Common shares of Chorus Aviation Inc. (previously Jazz Air Income Fund) began trading on the Toronto Stock Exchange on January 4, 2011.
For Canadian Residents
The following information is intended to assist shareholders of Chorus Aviation Inc. (“Chorus”) who are resident in Canada.
For all other types of Canadian taxpayers (i.e. corporations, partnerships, trusts, etc.), please consult a tax and/or financial advisor with respect to the Canadian tax treatment of dividends received from Chorus.
For U.S. and other non-resident shareholders, please refer to the special section below – Tax Information for U.S. Residents and Other Non-Residents of Canada.
The information that follows is not exhaustive of all possible Canadian federal tax considerations applicable to an investment in Chorus shares. Moreover, the income and other tax consequences of acquiring, holding or disposing of Chorus shares will vary depending on the shareholder’s particular circumstances, including the province or territory in which you reside. Accordingly, this summary is of a general nature only and is not intended to be legal or tax advice to any holder of Chorus shares. Investors should consult their own tax advisors for advice with respect to the tax consequences of an investment in Chorus shares based on their particular circumstances.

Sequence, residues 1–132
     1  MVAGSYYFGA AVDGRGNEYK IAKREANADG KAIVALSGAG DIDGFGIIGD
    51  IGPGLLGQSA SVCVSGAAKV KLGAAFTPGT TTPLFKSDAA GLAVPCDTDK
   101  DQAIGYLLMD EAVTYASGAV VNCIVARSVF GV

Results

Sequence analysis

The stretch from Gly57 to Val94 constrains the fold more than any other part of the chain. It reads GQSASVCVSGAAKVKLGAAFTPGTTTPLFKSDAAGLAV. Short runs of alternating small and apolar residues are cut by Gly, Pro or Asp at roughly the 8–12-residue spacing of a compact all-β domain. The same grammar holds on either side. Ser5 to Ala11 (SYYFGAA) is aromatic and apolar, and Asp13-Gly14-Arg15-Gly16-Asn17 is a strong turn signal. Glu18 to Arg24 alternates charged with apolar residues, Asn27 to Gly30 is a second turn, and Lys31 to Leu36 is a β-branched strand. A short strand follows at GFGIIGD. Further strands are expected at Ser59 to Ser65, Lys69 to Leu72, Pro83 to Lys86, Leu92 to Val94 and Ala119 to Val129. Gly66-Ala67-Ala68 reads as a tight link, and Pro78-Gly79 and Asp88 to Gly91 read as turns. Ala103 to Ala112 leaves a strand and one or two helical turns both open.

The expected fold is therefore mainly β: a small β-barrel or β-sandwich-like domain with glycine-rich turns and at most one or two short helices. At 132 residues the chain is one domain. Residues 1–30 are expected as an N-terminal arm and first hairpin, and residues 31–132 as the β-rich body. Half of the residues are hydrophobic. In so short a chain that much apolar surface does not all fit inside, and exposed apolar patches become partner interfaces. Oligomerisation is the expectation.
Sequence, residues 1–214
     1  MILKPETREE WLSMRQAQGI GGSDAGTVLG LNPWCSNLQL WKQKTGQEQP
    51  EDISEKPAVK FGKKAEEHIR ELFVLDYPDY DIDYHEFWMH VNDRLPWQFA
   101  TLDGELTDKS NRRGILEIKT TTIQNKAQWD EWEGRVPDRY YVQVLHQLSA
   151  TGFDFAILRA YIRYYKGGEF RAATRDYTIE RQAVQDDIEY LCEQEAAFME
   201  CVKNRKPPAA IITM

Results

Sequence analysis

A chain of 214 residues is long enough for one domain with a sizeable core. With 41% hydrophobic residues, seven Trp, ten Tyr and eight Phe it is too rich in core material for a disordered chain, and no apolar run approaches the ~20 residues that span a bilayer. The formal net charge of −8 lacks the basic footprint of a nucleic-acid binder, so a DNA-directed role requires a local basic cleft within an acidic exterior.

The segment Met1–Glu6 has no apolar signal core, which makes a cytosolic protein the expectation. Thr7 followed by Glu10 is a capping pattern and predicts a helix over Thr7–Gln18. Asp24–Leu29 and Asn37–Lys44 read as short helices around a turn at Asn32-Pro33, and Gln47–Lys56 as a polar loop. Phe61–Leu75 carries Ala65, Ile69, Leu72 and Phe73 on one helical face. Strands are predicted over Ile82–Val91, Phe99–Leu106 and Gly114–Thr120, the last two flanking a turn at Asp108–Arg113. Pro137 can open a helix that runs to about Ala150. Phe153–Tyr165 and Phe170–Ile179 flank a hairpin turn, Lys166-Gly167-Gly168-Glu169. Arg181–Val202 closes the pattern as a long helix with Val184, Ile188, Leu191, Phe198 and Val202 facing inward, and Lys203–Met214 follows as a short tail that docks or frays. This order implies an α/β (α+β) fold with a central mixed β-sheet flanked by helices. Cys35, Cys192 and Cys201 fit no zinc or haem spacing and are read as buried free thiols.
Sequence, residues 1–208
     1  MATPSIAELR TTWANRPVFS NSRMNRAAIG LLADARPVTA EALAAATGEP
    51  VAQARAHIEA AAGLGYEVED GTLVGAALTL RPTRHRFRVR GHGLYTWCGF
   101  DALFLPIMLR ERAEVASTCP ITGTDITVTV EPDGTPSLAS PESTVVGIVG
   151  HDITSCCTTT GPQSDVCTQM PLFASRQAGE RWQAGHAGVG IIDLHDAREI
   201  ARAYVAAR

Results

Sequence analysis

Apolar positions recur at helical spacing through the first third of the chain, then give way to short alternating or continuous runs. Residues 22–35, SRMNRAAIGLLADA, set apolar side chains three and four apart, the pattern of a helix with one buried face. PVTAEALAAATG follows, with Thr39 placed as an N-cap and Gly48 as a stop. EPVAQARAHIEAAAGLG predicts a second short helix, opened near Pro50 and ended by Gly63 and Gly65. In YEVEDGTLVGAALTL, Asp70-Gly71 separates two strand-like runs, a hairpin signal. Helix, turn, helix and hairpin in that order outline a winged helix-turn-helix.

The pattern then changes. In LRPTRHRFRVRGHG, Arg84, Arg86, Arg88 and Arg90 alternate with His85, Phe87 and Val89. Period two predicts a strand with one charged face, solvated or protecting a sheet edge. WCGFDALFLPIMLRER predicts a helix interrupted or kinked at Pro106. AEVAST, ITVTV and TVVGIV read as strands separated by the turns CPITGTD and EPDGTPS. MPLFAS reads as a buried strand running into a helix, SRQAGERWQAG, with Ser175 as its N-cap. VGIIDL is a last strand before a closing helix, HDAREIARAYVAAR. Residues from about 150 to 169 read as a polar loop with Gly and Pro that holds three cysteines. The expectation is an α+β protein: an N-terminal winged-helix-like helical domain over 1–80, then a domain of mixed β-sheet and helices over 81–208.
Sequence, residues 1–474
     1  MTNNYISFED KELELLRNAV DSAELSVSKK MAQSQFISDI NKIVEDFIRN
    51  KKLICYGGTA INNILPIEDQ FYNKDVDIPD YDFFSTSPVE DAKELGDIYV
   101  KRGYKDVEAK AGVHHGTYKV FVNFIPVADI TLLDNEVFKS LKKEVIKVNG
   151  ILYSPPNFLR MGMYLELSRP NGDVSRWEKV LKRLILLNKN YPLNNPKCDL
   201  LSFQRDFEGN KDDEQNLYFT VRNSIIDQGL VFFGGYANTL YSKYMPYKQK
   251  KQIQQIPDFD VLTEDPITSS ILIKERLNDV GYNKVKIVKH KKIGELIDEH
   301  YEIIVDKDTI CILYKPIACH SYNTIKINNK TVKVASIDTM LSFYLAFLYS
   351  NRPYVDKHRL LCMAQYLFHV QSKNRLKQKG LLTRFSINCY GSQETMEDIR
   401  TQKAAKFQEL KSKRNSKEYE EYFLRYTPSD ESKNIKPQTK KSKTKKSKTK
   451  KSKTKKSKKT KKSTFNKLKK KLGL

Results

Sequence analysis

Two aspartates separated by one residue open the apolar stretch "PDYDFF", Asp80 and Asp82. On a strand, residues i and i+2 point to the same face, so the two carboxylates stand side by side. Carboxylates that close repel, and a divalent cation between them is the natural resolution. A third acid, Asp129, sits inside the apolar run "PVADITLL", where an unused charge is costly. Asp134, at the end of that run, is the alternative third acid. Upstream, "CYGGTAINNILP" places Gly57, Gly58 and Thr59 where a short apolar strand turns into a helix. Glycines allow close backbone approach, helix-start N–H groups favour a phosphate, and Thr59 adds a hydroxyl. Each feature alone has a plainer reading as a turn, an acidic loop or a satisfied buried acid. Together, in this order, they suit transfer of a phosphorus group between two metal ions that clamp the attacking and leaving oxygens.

Dividends and Capital Gains on Chorus Shares
Chorus common shareowners may be subject to tax on dividends, which are generally taxed more favourably than other types of income. Unless otherwise stated, dividends paid by Chorus to Canadian residents are eligible dividends as defined by subsection 89(1) of the Canadian Income Tax Act (Tax Act) and analogous sections of provincial tax legislation. Under this legislation individuals resident in Canada may be entitled to enhanced dividend tax credits that reduce the income tax otherwise payable.
Chorus common shareowners are also required to pay tax on any capital gains they realize when they sell their shares or are deemed to have sold them. Taxation rates vary by jurisdiction and individual circumstances. You should consult your own tax advisor if you need more information.